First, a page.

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Nashville Zoo

Nashville Zoo at Grassmere

A long-nosed, 125-pound aardvark arrived at the Nashville Zoo last weekend.

One-year-old Winsol is the first aardvark to come to the zoo, and is part of the Animal Ambassador program — which means he will soon be doing outreach events.

courtesy Nashville Zoo

Immunizing a clouded leopard. A physical for an armadillo. And an eye exam for a milk frog. That's Friday's lineup in the Nashville Zoo's newest attraction: an animal hospital.

Shalina Chatlani/WPLN


Many federal workers in Middle Tennessee are on track to miss their second paycheck as the government shutdown nearly completes a month. But with several local businesses offering a helping hand, some impacted families are finding moments of joy.

Blake Farmer / WPLN

What has long been kept behind the scenes is now an attraction at the Nashville Zoo. A 20,000-square-foot healthcare facility has been built with the purpose of letting visitors observe routine checkups and even animal surgeries.

Jay Shah / WPLN

A growing movement to provide more nutritious food for animals has a home in Nashville Zoo's gardens.

Taylor Slifko / APSU

One of the universities closest to the center of totality will document how animals on campus will react to the sudden darkness of Monday's total solar eclipse.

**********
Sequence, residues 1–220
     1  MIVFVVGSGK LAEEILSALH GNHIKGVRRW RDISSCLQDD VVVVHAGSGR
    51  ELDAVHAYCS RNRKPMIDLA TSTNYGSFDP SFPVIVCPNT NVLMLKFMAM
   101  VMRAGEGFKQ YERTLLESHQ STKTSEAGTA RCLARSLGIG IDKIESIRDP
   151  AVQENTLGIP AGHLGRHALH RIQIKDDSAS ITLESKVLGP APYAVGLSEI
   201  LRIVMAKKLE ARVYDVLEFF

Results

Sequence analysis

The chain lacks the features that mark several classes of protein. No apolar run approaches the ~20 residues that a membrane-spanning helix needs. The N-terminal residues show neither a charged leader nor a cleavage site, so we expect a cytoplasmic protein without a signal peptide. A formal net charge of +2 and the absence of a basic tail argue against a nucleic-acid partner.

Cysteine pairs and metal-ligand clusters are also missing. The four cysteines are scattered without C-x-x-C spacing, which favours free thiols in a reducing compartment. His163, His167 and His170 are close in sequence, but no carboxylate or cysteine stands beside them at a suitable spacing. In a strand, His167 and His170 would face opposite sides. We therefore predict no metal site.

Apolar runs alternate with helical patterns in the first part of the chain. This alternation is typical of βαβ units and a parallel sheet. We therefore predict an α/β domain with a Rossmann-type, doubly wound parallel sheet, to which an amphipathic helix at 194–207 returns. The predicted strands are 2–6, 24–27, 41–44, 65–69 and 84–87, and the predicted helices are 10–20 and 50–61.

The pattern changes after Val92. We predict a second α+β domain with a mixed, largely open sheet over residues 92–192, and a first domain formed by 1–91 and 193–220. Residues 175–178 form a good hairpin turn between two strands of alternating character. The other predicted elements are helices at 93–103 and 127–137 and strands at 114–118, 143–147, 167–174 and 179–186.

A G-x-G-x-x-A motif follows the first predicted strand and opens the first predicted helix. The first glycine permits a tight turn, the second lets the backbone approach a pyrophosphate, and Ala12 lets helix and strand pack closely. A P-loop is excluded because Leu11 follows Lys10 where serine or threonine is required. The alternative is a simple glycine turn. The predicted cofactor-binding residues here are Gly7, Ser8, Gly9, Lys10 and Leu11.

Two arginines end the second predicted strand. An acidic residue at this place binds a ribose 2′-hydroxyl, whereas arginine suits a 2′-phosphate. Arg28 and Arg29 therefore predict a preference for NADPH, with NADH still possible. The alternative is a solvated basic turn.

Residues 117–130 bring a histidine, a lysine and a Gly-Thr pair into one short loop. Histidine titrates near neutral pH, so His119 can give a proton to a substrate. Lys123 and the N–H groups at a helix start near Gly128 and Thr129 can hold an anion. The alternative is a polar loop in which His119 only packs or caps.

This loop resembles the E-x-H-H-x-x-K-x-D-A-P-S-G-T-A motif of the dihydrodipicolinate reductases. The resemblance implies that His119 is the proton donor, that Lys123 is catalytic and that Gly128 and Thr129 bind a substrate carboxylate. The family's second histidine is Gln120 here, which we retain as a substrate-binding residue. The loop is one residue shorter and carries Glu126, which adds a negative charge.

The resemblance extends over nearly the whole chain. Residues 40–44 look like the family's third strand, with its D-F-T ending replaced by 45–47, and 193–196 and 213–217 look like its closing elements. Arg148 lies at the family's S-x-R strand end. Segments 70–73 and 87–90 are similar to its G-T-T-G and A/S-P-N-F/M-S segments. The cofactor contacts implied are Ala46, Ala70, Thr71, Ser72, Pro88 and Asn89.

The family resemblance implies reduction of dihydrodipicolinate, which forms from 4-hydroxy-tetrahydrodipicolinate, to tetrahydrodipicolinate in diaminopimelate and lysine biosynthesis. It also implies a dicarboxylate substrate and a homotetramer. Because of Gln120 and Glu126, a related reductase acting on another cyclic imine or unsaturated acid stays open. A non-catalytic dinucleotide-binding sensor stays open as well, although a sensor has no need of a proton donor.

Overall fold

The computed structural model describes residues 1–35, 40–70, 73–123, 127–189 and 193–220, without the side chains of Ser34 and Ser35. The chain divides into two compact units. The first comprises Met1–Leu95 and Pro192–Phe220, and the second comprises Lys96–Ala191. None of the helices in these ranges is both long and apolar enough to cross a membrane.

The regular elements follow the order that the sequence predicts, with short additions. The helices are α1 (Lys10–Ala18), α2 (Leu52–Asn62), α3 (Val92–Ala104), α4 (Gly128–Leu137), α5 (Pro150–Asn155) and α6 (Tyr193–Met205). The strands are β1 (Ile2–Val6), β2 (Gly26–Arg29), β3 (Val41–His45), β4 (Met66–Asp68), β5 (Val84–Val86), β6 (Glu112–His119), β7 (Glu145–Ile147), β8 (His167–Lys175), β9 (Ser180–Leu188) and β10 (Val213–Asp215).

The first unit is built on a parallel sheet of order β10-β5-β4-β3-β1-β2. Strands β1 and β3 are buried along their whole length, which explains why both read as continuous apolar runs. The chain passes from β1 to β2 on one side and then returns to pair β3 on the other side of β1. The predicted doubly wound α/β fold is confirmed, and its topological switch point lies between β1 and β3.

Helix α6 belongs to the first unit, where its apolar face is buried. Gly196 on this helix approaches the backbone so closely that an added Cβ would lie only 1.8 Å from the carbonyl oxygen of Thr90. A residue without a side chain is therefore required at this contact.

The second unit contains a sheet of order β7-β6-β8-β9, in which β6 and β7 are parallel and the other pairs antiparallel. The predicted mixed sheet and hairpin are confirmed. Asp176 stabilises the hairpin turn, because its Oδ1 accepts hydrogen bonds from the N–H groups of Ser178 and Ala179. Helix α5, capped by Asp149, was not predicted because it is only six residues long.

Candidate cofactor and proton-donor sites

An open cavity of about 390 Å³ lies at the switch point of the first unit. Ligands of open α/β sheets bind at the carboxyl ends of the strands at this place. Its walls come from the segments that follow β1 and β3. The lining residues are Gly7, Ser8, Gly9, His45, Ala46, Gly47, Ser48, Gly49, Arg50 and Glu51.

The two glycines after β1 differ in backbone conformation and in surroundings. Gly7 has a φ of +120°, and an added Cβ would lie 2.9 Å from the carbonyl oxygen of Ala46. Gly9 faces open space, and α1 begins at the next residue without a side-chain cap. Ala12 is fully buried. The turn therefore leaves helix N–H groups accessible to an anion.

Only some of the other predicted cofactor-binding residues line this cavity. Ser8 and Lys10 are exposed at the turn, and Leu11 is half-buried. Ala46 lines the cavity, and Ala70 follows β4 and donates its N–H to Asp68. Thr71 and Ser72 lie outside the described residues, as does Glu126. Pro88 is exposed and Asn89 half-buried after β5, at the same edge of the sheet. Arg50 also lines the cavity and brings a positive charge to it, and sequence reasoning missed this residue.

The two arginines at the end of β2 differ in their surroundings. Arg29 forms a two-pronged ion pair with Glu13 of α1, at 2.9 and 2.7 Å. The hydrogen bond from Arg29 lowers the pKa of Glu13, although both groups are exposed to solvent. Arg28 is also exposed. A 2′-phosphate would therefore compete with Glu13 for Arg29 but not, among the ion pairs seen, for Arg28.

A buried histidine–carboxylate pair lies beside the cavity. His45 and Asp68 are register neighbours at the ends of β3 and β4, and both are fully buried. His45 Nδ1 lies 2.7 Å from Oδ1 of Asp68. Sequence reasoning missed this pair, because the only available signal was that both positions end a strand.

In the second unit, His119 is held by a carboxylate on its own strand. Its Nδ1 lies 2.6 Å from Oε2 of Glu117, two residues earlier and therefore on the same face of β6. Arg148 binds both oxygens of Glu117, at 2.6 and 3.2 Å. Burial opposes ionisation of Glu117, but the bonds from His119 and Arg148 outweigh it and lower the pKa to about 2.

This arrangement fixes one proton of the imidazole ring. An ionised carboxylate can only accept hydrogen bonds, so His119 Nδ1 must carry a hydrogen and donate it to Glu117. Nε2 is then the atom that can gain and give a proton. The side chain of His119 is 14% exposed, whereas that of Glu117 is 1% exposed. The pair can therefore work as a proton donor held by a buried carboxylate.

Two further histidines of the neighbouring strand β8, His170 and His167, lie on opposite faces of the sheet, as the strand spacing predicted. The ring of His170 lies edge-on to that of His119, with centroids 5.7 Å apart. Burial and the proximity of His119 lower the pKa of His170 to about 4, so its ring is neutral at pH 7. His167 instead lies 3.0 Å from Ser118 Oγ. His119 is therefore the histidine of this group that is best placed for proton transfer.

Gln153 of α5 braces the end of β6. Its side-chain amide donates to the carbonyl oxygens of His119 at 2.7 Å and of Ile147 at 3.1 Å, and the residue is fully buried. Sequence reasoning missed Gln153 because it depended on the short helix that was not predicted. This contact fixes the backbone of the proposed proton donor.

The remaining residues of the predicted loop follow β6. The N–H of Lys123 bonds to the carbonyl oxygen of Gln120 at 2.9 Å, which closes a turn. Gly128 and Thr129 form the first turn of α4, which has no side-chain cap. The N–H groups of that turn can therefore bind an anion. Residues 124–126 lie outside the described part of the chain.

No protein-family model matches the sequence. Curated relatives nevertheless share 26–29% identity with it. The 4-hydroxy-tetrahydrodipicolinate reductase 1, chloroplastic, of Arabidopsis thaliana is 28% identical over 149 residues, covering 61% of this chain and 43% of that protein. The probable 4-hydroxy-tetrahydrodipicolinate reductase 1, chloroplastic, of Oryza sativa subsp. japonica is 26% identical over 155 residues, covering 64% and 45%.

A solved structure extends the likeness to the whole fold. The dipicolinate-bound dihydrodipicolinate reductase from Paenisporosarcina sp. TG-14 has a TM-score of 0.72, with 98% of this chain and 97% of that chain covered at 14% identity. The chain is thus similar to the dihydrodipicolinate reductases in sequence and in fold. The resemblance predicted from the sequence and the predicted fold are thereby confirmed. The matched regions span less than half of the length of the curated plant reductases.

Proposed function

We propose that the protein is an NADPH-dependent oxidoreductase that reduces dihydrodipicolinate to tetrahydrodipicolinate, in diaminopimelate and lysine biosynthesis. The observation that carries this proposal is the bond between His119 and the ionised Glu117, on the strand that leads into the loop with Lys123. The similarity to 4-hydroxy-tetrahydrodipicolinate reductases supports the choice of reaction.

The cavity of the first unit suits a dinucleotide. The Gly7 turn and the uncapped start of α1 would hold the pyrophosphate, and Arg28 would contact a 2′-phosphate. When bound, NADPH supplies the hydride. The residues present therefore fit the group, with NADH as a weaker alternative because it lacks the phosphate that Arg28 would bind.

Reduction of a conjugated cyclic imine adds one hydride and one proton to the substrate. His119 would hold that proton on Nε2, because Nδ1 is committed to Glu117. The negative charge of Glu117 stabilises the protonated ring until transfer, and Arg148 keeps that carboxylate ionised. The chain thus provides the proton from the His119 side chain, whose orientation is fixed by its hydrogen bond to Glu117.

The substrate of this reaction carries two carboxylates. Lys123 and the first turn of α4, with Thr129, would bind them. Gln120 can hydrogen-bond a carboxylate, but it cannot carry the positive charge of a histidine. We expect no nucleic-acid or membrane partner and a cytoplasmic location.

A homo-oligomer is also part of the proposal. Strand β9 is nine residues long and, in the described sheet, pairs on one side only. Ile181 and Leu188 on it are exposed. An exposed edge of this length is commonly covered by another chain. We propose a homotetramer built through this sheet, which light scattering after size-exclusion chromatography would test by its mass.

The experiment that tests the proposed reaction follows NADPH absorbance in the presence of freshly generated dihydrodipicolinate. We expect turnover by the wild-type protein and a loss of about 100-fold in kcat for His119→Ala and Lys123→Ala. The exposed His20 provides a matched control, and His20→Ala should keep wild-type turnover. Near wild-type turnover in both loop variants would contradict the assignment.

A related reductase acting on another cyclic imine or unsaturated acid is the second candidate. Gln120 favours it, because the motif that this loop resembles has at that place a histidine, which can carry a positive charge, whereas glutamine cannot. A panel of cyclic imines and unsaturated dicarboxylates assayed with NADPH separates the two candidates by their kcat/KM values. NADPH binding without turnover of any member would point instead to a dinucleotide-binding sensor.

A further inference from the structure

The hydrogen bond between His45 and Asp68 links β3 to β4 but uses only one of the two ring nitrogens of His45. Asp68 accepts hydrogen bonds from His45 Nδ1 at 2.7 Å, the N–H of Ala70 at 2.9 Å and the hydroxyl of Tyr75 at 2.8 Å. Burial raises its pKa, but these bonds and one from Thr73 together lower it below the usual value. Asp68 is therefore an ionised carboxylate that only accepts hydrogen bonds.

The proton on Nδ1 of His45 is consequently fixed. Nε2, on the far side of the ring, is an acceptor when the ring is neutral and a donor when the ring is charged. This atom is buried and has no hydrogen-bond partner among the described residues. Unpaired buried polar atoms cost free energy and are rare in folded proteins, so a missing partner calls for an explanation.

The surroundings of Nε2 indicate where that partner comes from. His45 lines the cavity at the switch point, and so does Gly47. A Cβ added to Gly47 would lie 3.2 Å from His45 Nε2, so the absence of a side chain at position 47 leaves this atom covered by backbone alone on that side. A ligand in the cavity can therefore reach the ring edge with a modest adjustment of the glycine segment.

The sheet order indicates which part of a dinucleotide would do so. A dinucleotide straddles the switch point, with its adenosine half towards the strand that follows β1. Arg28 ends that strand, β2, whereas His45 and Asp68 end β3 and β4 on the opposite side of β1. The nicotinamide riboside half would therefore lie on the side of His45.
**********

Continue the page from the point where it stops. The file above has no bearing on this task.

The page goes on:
Researchers from Austin Peay State University's agriculture department will record observations on university cattle, bees and crickets.

Meribah Knight / WPLN

On any given afternoon, the Nashville Zoo's lorikeet habitat is a symphony of chirps and squawks. The green, blue and red parrots zip around their enclosure, looking for visitors to perch on.

But on August 21st, at 1:27 p.m., bird keeper Ashley Gwaltney isn't quite sure what they'll sound like.

Matt Andrews / Nashville Zoo

On Thursday, April 6, the Nashville Zoo will introduce to the public two endangered Mexican spider monkeys: Poppy and Sandy. It will be the first time in four years the zoo has hosted monkeys. 

courtesy The Elephant Sanctuary

Two African elephants who recently retired from the Nashville Zoo have died within days of each other at the Elephant Sanctuary in Hohenwald.

Amiee Stubbs / Nashville Zoo

The Nashville Zoo has retired all of its elephants, and it’s unclear when the city will get another herd.

The last of the four females left this month for The Elephant Sanctuary in Howenwald, and now they’re not coming back. A couple had been with the zoo since the mid-90s, when it was located in Joelton.